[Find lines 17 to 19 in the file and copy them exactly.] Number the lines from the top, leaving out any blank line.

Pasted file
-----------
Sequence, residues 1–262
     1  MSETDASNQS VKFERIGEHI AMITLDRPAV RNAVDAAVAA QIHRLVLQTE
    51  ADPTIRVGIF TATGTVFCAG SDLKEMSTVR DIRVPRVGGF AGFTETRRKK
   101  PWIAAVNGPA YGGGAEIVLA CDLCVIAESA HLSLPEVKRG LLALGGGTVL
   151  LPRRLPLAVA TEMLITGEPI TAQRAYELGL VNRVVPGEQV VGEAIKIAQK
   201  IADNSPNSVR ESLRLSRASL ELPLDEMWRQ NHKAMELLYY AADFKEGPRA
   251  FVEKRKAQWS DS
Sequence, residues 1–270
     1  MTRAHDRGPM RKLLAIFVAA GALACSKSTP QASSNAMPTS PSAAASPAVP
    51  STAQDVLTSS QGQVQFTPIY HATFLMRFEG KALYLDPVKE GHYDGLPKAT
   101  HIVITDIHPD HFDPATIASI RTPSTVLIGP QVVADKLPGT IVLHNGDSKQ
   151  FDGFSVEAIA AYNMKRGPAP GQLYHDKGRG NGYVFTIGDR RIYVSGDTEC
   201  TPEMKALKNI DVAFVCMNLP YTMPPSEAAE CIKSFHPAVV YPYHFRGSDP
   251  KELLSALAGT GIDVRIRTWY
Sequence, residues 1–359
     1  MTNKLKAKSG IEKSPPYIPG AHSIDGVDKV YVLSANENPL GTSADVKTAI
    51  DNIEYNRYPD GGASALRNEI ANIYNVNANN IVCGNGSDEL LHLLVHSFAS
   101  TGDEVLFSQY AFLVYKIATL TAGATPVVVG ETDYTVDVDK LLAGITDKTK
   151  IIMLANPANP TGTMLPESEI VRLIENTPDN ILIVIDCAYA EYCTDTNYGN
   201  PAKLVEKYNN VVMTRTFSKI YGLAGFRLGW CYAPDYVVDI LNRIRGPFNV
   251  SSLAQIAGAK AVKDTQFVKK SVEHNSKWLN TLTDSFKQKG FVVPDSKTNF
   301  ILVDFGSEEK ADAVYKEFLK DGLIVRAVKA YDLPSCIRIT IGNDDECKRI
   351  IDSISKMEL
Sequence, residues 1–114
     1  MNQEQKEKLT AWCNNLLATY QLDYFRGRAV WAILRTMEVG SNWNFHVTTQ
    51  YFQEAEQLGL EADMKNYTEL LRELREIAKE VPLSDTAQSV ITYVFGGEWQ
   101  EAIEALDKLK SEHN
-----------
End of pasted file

    51  DNIEYNRYPD GGASALRNEI ANIYNVNANN IVCGNGSDEL LHLLVHSFAS
   101  TGDEVLFSQY AFLVYKIATL TAGATPVVVG ETDYTVDVDK LLAGITDKTK
   151  IIMLANPANP TGTMLPESEI VRLIENTPDN ILIVIDCAYA EYCTDTNYGN